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New Advances in Hole-Spin Qubits

Researchers have made a significant breakthrough in quantum computing by demonstrating a controllable interaction between a new type of qubits inside a standard silicon transistor. And this is potentially huge.

Researchers worldwide are engaged in a competitive race to develop practical quantum computers, exploring a diverse array of qubit technologies. To date, no single qubit technology has emerged as the definitive solution. Each approach is struggling with achieving both, the speed and fidelity required for quantum computers to achieve quantum supremacy. The future of quantum computing hinges on the ability to manage stable and fast interactions among multiple qubits, whose states can be reliably controlled externally. For quantum computers to reach their full potential, they must accommodate millions of qubits on a single chip. Currently, even the most advanced quantum computers, with only a thousand or so qubits, are limited to tasks that classical computers can often perform more quickly.

In a paper “Anisotropic exchange interaction of two hole-spin qubits” just published in Nature Physics, researchers from the University of Basel and IBM Research-Zurich demonstrate how they achieved two hole-spin qubits controlled rotation gates without a trade-off between speed and fidelity, all in a silicon fin field-effect transistor (FinFET).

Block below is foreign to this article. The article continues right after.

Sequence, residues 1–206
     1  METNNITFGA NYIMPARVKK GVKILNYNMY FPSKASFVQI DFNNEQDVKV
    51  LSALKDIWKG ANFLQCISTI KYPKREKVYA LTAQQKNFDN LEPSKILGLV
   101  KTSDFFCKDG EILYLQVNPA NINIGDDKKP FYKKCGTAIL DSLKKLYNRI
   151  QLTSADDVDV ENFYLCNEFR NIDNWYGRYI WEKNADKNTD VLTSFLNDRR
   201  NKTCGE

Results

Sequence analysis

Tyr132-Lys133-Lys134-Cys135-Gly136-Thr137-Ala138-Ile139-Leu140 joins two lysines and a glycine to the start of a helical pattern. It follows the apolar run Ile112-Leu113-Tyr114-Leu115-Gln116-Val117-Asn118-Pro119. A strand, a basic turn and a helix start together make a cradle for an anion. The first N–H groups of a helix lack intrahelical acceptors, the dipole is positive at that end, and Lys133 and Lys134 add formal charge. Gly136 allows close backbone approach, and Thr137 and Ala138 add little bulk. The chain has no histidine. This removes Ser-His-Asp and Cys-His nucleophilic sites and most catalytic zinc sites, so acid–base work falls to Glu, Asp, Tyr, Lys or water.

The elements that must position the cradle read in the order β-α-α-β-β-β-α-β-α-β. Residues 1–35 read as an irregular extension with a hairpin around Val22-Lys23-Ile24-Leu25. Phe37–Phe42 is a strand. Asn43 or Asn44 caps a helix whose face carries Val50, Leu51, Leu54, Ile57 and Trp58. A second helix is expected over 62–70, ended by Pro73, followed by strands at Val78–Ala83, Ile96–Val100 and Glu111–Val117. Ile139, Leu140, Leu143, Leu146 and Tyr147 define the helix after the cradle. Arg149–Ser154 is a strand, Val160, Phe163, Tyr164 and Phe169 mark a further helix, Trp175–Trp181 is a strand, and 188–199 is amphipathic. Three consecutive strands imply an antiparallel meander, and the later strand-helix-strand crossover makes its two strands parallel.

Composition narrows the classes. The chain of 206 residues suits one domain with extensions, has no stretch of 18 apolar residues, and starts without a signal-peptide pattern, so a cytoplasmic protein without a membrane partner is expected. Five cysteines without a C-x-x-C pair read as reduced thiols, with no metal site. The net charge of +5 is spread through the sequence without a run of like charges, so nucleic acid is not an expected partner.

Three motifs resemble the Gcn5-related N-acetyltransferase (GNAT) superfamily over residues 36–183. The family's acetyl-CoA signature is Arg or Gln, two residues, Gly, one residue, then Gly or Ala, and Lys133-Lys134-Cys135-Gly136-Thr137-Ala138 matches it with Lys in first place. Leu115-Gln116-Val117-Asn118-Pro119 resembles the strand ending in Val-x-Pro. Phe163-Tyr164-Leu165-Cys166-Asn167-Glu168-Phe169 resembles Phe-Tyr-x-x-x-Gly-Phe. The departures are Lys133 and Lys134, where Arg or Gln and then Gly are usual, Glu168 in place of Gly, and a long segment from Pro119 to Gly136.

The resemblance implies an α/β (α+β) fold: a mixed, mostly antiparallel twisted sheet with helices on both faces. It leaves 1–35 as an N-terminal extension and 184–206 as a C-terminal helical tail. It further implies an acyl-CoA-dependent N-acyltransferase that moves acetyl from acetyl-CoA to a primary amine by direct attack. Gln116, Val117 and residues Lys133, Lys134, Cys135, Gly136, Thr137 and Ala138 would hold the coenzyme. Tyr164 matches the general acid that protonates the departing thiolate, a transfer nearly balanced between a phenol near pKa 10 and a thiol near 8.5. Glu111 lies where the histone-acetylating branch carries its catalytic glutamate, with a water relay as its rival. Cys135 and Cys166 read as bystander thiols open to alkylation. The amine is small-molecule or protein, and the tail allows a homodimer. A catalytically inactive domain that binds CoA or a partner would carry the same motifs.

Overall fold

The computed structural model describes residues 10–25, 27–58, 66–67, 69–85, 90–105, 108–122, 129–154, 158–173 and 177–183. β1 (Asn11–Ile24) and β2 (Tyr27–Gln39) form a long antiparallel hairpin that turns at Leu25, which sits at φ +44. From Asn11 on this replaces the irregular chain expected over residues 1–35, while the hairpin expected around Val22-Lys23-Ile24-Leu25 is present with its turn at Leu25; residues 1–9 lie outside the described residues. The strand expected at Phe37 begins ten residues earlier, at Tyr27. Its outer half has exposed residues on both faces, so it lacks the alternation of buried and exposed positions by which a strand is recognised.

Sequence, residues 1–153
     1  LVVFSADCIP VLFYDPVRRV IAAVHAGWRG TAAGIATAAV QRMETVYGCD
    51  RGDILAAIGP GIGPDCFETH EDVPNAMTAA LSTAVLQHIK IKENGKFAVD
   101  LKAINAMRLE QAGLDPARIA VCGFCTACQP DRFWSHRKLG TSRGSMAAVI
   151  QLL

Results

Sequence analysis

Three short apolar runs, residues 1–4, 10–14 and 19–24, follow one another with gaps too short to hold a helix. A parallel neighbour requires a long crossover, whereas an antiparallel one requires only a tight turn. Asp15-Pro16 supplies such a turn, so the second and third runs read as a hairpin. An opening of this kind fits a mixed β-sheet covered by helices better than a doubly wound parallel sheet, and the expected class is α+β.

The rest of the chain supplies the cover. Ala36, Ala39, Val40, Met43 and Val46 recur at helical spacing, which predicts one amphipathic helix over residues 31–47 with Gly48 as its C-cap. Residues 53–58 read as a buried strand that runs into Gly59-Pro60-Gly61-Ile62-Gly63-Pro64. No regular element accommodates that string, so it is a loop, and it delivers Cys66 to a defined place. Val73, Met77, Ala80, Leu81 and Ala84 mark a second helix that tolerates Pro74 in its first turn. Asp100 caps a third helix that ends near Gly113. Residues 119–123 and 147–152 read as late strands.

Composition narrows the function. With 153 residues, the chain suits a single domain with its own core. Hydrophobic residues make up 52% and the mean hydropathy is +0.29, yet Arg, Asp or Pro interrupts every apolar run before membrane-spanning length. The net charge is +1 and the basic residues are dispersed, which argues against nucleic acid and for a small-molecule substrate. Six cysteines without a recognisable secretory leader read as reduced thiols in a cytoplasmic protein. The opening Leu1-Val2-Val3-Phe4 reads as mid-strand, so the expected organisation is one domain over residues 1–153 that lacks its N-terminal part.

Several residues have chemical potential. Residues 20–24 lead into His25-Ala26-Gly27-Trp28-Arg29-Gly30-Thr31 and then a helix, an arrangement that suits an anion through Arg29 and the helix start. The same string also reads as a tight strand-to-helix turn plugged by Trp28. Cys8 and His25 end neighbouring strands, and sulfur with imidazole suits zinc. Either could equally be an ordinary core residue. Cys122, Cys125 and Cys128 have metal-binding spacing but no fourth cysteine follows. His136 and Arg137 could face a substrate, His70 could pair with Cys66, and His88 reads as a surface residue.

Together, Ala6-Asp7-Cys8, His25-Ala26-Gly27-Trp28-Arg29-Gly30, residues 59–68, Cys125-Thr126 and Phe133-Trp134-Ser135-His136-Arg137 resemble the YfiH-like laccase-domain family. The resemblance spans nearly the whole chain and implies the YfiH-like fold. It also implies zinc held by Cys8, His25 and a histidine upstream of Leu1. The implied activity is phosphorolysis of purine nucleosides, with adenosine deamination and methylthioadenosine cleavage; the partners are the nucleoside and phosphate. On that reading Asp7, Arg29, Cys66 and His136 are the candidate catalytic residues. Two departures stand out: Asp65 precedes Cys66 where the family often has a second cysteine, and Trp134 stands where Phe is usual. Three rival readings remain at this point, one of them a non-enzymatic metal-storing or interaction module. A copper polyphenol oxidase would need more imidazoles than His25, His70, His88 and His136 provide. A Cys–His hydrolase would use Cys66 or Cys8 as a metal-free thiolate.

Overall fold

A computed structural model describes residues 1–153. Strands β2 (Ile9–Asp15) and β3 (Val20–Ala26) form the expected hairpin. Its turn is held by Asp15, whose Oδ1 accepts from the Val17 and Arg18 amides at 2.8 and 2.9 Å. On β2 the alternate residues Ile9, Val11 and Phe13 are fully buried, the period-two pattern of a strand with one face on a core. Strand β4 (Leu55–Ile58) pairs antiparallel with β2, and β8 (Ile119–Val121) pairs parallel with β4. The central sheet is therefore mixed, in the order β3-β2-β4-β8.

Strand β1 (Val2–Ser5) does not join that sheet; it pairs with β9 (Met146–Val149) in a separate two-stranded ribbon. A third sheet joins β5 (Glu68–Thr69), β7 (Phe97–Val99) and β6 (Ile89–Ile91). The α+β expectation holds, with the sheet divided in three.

A hole is essentially a missing electron in a semiconductor, and like electrons, holes have spin, which can be up or down. This spin state can represent quantum information. Hole-spin qubits are promising because they can be controlled entirely by electrical means, making them easier to integrate into existing semiconductor technologies. And with this paper, the researchers showed that they can control the behaviour externally.

The other significant aspect of this research was that it was performed in silicon fin field-effect transistor (FinFET), the workhorse device of today’s semiconductor industry. Because it uses existing semiconductor manufacturing processes, it makes it more feasible to scale up the technology. By leveraging the established infrastructure of the semiconductor industry, the path to practical and large-scale quantum computers becomes clearer.

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